HILLSIDE, NJ — Although Hillside Mayor Angela Garretson continues her quest to topple Hillside’s Acting Chief of Police Louis Panarese, Panarese’s attorney, Christopher Gray, has made it clear that the legal battle is far from over.
On June 13, Farrah Irving, township attorney for Hillside, filed a motion, a copy of which was obtained by LocalSource, to dissolve the temporary restraints Superior Court Judge Karen Cassidy placed last month. Cassidy had ruled that Panarese could not be demoted from his position as chief and that the Civil Service Commission was to make a final determination on his status.
The court’s decision came after Garretson demoted Panarese in April from police chief to captain and promoted Hillside Police Lt. Vincent Ricciardi to chief. At a hearing last month, Cassidy returned Panarese to his position as acting chief and handed off the case to the CSC.
The June 13 motion was followed up with a letter to Cassidy by an attorney for Ricciardi, Rubin Sinins, demanding that Panarese be removed and Ricciardi be placed in the chief position.
In 2013, Panarese was appointed the provisional police chief by former Hillside Mayor Joseph Menza in a move approved by the council in a resolution. Garretson, on the council at the time, approved of the appointment.
In March 2016, Garretson demoted Panarese to captain after she accused him of insubordination. The accusation came after Panarese reportedly sent a letter to HPD personnel in which he offered them moral support in the midst of ongoing turmoil and diminished manpower at the department.
In June 2016, the council voted to overturn Garretson’s demotion by way of resolution, after which Garretson filed a suit against the council.
In October, Garretson called for the promotional exam for the position of chief in order to appoint a permanent chief of police. The test was taken by Ricciardi and Hillside Police Capt. Nick Lamonte, with Ricciardi placing second to Lamonte.
Questions have been raised by some in the HPD as to Ricciardi’s qualifications and ability to act in the capacity as chief. In addition, members of the department have questioned Garretson’s promotion of Ricciardi, as he has a lower rank and placed behind him on the chief’s exam.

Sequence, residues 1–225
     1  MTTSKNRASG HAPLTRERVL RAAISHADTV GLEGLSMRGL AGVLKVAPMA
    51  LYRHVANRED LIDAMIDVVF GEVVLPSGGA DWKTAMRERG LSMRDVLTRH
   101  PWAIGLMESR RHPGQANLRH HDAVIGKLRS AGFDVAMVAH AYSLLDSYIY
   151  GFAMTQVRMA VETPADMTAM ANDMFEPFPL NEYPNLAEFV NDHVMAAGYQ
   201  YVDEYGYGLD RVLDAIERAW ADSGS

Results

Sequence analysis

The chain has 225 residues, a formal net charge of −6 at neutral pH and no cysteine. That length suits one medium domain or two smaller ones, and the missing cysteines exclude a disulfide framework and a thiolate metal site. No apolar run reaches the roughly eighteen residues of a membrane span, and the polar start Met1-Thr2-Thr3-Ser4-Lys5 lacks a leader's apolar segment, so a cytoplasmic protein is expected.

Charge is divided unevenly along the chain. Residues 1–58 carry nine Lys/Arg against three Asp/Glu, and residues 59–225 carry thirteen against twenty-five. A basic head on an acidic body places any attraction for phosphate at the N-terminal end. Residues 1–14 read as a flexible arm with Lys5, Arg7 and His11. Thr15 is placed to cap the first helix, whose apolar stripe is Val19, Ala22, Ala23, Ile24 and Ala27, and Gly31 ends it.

Garretson did not respond to LocalSource’s request for comment by press time. Sinins also did not respond to a request for comment as of press time.
In March, Garretson suddenly dropped her case against Panarese and the council, and the case was dismissed with prejudice by Cassidy.
Then, on April 11, Garretson appointed Ricciardi as acting chief. On April 12, Panarese filed an Order to Show Cause, contesting the appointment of Ricciardi and naming Garretson and the township of Hillside as defendants.
In May, Cassidy entered an order handing off all issues regarding civil service to the New Jersey Civil Service Commission for a determination of the status of both Panarese and Ricciardi.
According to the most recent motion, Hillside business administrator Ray Hamlin contacted Mark Van Bruggen at the Civil Service Commission on May 30, for the purpose of ascertaining the status of the chief appointment.
“On that same date, Mr. Van Bruggen sent an email addressed to Mayor Garretson confirming that Vincent Ricciardi was approved by the Civil Service Commission on April 19, 2017,” states the motion. “Van Bruggen also stated that the appointment of Vincent Ricciardi was recorded in the CAMPS system as the chief effective April 12, 2017. He indicated that upon completion of a three-month working test period, he will become permanent.”
According to the motion, Oluwayseyi Ogunyinka, of the Human Resources Division at the CSC, states that, “the NJ Civil Service Commission considers Vincent Ricciardi as the chief of police of Hillside.”
The motion also states that, “While it is true that Garretson was a member of the council when Panarese was appointed … appointing Panarese clearly states that he was appointed in a provisional capacity, not permanent, thus any belief or understanding that the plaintiff is seeking to associate with Mayor Garretson is irrelevant, notwithstanding the fact that she vehemently denies such an understanding.”
The complaint asserts that Panarese, “was not permanent and he was not demoted. Instead, he was returned to his permanent position because he lacks the qualifications, in accordance with Civil Service guidelines, to hold the position of police chief.”
In a June 14 letter to Cassidy, Sinins states that clarity has been given to the matter of Ricciardi.
“The Civil Service Commission has unequivocally indicated that Intervenor Ricciardi is, as far as the Civil Service is concerned, the Chief of Police of the Township of Hillside,” reads the letter. “Plaintiff Panarese was never appointed as a permanent chief of police. Accordingly, there should be no bar — by way of temporary restraints or otherwise — to the township placing Intervenor Ricciardi in that position. There should likewise be no hesitancy removing Panarese from the position he now wrongly occupies.”